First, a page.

Georgia Grants US Military Privileges

Tbilisi is dramatically shoring up its military alliance with the United States

Georgia Grants US Military Privileges

Tbilisi is dramatically shoring up its military alliance with the United States

A new American-Georgian defence cooperation accord that came into force last week gives US servicemen unprecedented rights on Georgian territory.

Following weeks of heated debate, the Georgian parliament ratified the rather ordinarily named defence cooperation treaty on March 21 by 138 votes to one.

It gives American servicemen and their dependents the right to enter Georgia without either visa or passport. Some kind of identification document is enough. They can also carry firearms and enjoy the same privileges and immunity as diplomats.

American aircraft and vehicles are allowed to enter Georgian territory and airspace without charge and without inspection. The same conditions apply to any equipment or supplies that the US military brings in or out of Georgia.

Praising the new accord, Georgian president Eduard Shevardnadze declared that Georgia is now a strong ally of America, and he hoped this partnership would solve many of his country's economic and political problems, including the restoration of lost territory.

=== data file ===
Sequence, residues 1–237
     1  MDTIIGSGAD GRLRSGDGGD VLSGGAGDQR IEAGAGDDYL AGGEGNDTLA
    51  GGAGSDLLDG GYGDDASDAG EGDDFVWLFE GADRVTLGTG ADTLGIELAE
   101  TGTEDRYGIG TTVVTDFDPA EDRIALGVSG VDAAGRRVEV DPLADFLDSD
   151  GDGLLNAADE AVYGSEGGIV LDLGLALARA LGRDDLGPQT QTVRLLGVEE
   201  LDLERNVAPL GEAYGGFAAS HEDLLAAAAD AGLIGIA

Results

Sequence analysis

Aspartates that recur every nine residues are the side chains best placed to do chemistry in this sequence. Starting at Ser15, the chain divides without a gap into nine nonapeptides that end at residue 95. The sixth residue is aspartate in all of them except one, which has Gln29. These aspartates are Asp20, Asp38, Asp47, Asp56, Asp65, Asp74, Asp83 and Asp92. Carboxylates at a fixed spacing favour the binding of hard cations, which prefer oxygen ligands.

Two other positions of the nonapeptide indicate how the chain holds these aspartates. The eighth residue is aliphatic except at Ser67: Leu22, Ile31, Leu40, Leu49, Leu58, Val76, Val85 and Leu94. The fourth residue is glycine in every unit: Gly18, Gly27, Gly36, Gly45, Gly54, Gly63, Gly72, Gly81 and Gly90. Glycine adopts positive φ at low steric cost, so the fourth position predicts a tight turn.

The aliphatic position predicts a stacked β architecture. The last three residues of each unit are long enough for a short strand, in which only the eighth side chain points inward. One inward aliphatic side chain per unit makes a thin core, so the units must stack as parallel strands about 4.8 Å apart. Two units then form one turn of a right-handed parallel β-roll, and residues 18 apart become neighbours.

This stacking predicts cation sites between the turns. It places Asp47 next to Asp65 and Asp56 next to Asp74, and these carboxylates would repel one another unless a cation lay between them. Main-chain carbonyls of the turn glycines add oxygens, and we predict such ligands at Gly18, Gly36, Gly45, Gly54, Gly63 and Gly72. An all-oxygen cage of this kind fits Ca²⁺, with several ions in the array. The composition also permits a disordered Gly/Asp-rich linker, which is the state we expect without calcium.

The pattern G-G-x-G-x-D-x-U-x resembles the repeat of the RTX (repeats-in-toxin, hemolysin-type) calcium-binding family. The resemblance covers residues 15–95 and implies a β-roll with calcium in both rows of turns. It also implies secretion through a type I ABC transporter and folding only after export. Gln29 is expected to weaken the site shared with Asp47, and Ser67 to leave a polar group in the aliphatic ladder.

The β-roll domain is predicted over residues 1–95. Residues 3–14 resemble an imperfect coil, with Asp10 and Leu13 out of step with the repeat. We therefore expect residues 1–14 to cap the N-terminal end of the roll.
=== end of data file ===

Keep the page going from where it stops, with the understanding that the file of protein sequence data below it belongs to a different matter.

Washington has allocated up to 18 million US dollars to Georgia in recent years to help upgrade its border controls. The Train and Equip programme launched by Washington in the country last summer, which brought American special forces to the Caucasus for the first time, has already brought in 64 million dollars worth of military aid.

However, the new military treaty has divided both the Georgian public and parliament and its ratification has been much delayed. Shevardnadze -- who has had a special relationship with many Washington politicians ever since he was the Soviet foreign minister under Mikhail Gorbachev -- lobbied passionately for the document to be adopted and at one point called opponents of ratification "enemies of Georgia".

Deputies opposed to the treaty called some of its provisions discriminatory, arguing that it was unfair for the American military to be permitted to carry firearms, when Georgian servicemen are not allowed to bear weapons off duty. "The government has trampled on our national interests and self-esteem," complained deputy Gamlet Chipashvili. Fellow deputy Levan Pirveli said, "This is not a treaty, but an act of surrender."

The controversial treaty was first signed on December 10 last year, at the beginning of the crisis over Iraq. However, deputies opposed to the document said that pressure increased noticeably in March as Washington stepped up the drive to war and the Georgian government expressed its loyal support.

The day after the treaty was ratified, the deputy chief of the General Staff Giorgy Giorgobiani visited Washington, taking with him technical specifications for nine Georgian airfields the Americans may want to use in the Iraqi campaign.